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Sutter Health nurses vote to strike again

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About 700 local nurses will soon resume a strike after two recent work stoppages that cost nurses thousands in regular wages and forced Sutter Health hospitals to assume numerous extra expenses.Nurses at Mills-Peninsula Health Services finished voting Tuesday to strike for the third time in five months. Mills RN Sharon Tobin, a spokeswoman for the Mills nurses, said this time the strike may last for 10 days. Walkouts at the Burlingame and San Mateo facilities in October and December lasted two days.

The nurses have been without a contract since June and are part of a 5,000-nurse labor negotiation with Sutter Health, which owns Mills and a total of 13 Bay Area hospitals. Nurses from two San Francisco hospitals — St. Lukes and California Pacific Medical Center — will likely join nurses from Mills and the other Bay Area hospitals in the walkout.

The strike will come at a hefty cost for both nurses and the hospital.

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Mills administration estimates a 10-day strike would cost each nurse about $4,500 in wages based on 10 days of work at what they claim is an average salary of $56.16 per hour. Some nurses have been able to make up for the lost wages from previous strikes by working temporary shifts at other hospitals, Tobin said.

The hospital will have to pay for hundreds of replacement nurses, their transportation to the Peninsula from around the county and their lodging. The exact cost to pay for the strike was not available from Mills or Sutter.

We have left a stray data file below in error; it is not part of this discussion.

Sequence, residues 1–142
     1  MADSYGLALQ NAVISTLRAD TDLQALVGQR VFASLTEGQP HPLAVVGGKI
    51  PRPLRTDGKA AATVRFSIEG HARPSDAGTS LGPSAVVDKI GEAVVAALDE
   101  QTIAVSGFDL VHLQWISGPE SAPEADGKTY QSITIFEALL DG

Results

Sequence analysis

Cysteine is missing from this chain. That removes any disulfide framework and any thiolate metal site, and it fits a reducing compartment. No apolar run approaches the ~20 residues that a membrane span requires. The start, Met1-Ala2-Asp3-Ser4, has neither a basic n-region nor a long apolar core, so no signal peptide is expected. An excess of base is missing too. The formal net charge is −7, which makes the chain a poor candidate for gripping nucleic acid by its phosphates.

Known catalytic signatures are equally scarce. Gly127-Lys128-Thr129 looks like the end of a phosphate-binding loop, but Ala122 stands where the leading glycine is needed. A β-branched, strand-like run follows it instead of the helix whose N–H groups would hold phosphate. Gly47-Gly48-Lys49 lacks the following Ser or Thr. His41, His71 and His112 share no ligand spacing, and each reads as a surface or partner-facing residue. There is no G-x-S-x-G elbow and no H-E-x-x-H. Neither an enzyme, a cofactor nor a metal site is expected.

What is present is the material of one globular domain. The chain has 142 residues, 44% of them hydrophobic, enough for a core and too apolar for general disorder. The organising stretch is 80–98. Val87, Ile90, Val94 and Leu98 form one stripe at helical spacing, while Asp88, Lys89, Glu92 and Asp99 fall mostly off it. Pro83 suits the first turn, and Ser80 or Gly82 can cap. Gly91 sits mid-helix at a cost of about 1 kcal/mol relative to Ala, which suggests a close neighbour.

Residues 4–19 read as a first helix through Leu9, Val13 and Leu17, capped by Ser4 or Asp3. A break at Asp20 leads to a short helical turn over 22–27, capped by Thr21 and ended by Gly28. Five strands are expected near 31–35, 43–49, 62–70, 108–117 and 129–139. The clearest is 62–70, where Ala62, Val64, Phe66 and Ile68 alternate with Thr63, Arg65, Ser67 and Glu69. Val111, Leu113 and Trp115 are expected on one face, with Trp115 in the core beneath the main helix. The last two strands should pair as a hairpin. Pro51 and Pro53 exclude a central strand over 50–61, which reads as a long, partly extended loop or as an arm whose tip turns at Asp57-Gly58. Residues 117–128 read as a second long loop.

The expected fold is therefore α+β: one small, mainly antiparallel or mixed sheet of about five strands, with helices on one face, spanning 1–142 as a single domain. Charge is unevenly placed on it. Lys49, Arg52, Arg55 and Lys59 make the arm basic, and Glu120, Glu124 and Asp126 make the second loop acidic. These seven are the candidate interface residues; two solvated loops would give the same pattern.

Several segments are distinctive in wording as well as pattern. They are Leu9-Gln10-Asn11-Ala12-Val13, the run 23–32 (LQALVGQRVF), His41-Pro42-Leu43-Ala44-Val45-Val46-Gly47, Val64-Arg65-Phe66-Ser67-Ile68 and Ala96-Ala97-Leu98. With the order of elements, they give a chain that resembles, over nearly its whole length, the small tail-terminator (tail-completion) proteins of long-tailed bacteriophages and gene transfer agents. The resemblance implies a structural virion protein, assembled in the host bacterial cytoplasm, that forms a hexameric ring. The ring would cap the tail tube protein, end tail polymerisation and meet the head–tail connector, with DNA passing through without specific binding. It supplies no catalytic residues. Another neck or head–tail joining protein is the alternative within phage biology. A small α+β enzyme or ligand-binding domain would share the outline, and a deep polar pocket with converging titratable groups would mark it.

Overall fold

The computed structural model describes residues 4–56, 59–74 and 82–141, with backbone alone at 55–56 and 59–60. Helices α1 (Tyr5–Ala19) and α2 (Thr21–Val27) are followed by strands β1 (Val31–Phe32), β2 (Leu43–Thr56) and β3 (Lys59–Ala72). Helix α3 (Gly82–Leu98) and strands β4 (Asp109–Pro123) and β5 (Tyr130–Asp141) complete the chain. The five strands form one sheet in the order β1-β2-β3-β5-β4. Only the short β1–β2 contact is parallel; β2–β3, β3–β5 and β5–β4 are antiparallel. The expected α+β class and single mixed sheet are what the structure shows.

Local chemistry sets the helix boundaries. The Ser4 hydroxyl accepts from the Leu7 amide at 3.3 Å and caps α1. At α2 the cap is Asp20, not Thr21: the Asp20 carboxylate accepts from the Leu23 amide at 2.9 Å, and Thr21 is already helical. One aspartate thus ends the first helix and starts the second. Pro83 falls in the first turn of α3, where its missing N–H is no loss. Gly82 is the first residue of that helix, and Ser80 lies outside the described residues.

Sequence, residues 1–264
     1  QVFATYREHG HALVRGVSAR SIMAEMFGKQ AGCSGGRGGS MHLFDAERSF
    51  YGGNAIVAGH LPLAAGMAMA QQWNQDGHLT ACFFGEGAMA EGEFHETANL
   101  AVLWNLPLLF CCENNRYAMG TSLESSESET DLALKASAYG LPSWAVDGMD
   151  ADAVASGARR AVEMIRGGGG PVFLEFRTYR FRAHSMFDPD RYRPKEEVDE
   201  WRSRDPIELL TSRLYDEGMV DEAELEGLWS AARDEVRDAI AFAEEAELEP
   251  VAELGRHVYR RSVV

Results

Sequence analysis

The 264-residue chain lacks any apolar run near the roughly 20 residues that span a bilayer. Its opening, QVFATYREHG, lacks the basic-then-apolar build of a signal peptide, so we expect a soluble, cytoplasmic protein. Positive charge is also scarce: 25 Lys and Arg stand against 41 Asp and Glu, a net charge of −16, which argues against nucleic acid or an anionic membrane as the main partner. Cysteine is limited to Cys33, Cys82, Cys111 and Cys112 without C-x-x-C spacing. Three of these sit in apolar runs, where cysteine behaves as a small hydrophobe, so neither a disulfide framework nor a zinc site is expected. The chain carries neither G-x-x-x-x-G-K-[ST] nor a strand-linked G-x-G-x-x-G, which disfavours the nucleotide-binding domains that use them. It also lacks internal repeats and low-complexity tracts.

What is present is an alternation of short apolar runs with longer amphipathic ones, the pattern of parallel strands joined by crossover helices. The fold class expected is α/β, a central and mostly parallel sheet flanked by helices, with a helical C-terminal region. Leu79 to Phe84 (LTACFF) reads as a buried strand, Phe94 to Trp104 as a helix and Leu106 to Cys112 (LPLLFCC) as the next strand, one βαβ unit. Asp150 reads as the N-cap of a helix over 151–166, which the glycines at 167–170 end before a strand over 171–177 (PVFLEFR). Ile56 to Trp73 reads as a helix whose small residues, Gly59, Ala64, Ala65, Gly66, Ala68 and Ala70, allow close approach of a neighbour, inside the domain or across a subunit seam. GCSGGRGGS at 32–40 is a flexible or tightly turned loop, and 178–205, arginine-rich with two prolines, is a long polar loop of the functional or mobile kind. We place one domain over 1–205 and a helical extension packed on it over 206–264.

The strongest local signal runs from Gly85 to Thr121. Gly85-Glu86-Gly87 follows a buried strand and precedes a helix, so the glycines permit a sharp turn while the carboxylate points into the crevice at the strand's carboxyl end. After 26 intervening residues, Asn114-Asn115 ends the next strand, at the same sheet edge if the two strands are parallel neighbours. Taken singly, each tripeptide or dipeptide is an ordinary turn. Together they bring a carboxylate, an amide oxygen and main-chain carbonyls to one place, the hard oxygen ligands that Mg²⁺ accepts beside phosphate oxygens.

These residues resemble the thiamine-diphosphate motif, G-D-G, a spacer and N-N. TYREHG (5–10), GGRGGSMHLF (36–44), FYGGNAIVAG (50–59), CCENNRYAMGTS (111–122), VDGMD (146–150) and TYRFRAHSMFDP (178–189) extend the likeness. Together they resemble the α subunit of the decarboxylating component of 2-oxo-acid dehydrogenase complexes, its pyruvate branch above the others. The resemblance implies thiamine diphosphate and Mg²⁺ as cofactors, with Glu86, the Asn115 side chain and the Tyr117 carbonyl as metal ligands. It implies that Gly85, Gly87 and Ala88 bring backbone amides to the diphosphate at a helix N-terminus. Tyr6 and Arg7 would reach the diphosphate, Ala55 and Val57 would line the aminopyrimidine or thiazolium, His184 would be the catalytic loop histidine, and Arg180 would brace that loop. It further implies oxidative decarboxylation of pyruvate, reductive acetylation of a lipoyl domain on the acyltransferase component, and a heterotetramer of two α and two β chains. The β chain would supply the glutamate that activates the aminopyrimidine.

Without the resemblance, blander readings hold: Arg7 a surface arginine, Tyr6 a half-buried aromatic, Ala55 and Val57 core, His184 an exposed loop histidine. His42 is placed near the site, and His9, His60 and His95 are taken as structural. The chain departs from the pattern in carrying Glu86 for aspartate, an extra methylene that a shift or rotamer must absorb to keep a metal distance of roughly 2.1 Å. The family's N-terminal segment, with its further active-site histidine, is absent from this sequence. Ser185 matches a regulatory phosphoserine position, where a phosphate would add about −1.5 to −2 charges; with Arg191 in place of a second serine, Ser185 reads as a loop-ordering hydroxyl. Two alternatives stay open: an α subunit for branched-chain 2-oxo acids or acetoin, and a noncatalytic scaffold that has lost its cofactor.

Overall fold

Both Mills and the union that represents the nurses, the California Nurses Association, said there has been no progress in contract talks since the last strike in December. Mills has been unwilling to make any changes to its offer and minor concessions from the nurses have not yielded any results, both groups said.

Issues for the nurses continue to be not wage hikes but better worker benefits and hospital services, said CNA spokesman Shum Preston. Their demands include enhanced nurse-to-patient ratios, lift teams for handling large patients and the introduction of a rapid response team at all Sutter hospitals.

With neither side budging, both groups see no end in sight.

“We didn’t hit them hard enough” during the previous strikes, Tobin said.

mrosenberg@examiner.com



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